NextEra Energy Inc. has ended its plan to buy Hawaiian Electric Industries Inc. and will pay the state’s largest utility $95 million in “break-up” fees and other costs, the two companies announced early today.
The announcement came after the state Public Utilities Commission, in a 2-0 vote Friday, rejected the Juno, Fla.-based company’s $4.3 billion offer to takeover HEI. PUC approval was needed for the companies to close the deal. NextEra and HEI could have challenged the PUC decision, but instead will walk away from the deal.
“As a result of the PUC’s order, we have terminated our merger agreement,” Jim Robo, NextEra’s chairman and chief executive, said in a news release issued before U.S. stock markets opened this morning. “We wish Hawaiian Electric the best as it serves the current and future energy needs of Hawaii, including helping the state meet its goal of 100 percent renewable energy by 2045.”
The PUC, in its rejection, expressed doubts about NextEra’s commitment to the state’s lofty renewable-energy goal and said its decision does not prevent Hawaiian Electric from seeking another partner.
Connie Lau, HEI’s president and chief executive, said in the news release, “We appreciate NextEra Energy’s interest in Hawaii and in our company. All of us at HEI, Hawaiian Electric and American Savings Bank remain committed to serving our customers, and we look forward to working together with communities across our state to realize the clean energy future we all want for Hawaii and to ensure a vibrant local economy.”
The companies said NextEra Energy will pay HEI “a $90 million break-up fee and up to $5 million for reimbursement of expenses associated with the transaction.”
In a separate announcement this morning, HEI said that after taxes, the company will gain $60 million from the break-up fees and costs, which “will help to fund Hawaii’s clean energy transformation.” A one-time cash dividend of 50 cents a share of HEI common stock, which would have been paid if the merger closed, will not be issued, the company added.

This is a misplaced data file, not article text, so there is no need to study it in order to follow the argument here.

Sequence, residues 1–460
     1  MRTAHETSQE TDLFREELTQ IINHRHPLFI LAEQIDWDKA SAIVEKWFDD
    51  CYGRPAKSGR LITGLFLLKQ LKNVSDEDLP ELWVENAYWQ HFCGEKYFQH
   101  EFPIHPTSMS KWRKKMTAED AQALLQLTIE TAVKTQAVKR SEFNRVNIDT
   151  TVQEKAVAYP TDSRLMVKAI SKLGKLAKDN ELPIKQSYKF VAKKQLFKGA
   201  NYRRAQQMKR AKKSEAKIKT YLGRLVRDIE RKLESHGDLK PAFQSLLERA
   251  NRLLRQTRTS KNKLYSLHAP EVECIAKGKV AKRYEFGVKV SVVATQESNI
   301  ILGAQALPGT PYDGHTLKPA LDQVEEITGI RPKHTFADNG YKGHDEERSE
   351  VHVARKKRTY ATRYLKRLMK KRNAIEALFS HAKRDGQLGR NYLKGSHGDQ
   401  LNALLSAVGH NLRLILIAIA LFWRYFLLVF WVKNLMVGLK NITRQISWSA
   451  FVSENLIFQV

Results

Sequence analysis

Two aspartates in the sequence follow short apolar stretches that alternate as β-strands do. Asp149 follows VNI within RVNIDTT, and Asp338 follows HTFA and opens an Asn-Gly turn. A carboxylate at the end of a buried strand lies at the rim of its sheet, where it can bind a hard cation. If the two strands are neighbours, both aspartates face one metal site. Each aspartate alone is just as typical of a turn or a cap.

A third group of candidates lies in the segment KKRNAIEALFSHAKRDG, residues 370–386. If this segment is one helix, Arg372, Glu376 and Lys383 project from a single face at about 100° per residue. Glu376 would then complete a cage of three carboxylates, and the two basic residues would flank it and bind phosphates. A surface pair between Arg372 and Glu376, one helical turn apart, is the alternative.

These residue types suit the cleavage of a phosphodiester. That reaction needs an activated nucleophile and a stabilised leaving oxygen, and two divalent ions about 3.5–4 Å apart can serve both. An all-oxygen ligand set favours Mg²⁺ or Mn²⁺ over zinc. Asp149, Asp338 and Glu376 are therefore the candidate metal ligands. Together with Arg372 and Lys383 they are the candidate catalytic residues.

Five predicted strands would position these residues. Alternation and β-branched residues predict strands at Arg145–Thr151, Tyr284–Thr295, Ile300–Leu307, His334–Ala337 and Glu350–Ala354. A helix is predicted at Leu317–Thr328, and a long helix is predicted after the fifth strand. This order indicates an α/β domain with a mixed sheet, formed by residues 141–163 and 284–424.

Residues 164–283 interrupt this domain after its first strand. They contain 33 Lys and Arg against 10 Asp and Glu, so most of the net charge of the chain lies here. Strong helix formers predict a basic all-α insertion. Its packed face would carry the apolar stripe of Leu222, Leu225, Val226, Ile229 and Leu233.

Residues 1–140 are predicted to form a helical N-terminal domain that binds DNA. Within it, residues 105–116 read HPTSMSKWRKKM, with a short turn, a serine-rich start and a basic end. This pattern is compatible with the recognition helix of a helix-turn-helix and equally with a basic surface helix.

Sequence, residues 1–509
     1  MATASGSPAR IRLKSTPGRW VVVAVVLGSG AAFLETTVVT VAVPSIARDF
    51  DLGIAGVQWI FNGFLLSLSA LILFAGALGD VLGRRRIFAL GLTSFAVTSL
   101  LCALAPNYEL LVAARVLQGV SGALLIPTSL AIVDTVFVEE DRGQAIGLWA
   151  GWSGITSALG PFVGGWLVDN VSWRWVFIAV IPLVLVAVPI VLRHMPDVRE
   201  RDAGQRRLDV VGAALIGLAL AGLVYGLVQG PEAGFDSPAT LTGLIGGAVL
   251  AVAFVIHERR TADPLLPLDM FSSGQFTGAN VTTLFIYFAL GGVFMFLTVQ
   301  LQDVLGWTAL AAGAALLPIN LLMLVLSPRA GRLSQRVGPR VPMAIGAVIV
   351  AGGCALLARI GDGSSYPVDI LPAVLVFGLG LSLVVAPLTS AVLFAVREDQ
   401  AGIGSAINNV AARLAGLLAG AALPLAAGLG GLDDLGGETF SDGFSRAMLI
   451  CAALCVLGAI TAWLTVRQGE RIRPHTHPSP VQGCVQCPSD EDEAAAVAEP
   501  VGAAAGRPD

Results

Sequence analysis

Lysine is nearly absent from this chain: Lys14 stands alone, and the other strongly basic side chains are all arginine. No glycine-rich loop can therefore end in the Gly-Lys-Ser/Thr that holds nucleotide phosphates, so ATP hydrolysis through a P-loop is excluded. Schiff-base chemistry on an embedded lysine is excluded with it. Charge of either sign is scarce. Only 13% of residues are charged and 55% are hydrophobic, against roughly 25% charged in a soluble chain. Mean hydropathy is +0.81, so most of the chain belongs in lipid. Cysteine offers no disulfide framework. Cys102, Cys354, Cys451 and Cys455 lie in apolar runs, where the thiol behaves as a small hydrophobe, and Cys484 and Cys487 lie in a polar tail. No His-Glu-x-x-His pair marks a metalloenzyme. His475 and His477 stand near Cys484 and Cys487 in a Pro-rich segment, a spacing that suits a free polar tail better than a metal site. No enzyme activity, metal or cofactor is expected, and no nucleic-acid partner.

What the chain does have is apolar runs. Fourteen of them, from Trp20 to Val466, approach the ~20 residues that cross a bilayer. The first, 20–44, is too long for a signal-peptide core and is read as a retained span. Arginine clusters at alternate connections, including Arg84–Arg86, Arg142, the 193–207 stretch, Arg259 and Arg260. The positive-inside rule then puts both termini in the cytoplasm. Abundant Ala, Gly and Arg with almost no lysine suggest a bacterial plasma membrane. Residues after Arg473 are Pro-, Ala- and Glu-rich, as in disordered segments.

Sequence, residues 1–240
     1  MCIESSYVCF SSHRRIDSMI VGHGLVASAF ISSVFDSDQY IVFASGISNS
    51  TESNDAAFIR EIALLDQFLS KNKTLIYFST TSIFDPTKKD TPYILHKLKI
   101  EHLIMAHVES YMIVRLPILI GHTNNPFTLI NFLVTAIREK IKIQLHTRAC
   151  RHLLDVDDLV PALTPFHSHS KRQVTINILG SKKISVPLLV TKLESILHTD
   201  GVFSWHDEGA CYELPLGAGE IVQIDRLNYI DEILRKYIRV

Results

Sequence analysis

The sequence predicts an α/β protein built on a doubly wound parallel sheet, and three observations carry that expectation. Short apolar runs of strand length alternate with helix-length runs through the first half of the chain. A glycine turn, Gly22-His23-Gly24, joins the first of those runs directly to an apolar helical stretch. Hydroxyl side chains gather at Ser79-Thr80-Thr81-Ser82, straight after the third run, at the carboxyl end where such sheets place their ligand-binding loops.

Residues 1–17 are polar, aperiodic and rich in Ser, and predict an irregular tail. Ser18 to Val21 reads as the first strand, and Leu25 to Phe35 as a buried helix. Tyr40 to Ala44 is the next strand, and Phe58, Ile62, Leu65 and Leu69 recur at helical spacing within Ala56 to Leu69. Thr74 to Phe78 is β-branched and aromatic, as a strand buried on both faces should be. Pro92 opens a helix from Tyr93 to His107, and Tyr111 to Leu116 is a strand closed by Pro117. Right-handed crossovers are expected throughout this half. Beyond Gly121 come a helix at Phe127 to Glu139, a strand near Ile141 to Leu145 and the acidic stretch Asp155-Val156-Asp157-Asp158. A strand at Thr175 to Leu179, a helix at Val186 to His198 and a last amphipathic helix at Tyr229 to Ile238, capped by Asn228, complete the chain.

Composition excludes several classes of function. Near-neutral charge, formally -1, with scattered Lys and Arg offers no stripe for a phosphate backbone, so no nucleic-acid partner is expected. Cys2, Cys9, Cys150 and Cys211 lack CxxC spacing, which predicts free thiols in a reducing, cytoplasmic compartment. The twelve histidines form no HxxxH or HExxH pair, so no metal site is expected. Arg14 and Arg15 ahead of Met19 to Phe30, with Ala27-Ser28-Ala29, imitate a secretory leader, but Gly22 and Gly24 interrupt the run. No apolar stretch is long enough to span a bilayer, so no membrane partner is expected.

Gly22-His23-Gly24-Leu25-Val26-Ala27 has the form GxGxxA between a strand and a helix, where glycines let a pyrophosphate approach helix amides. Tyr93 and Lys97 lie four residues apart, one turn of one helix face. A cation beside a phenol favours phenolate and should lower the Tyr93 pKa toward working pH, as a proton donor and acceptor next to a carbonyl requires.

On Wall Street, HEI’s stock closed today at $30.10, down $2.38, or 7 percent, while NextEra shares closed at $128.25, up 67 cents, or less than 1 percent. The PUC’s rejection of the deal was announced after the markets closed Friday.
The break-up fee was part of the merger agreement announced in early December 2014. NextEra and HEI then spent the next 19 months trying to win over shareholders, regulators, politicians and customers with promises of cheaper electricity rates and greater resources. But the deal was opposed by Gov. David Ige, and several environmental groups and solar-power companies. Opponents said selling HEI to NextEra would stall the progress Hawaii has made toward shifting to renewable energy, including rooftop solar panels.
HEI, through its subsidiaries Hawaiian Electric Co. on Oahu, Maui Electric Co., and Hawaii Electric Light Co. on the Big Island, provides power to 95 percent of Hawaii residents. HEI’s bank subsidiary, American Savings Bank, which was to be spun off if the deal went through, will continue to operate as part of HEI.
NextEra has about 14,300 employees in 27 states and Canada. Its major subsidiaries include Florida Power & Light Co, with 4.8 million customers, and NextEra Energy Resources, with 110 wind farms in 19 states.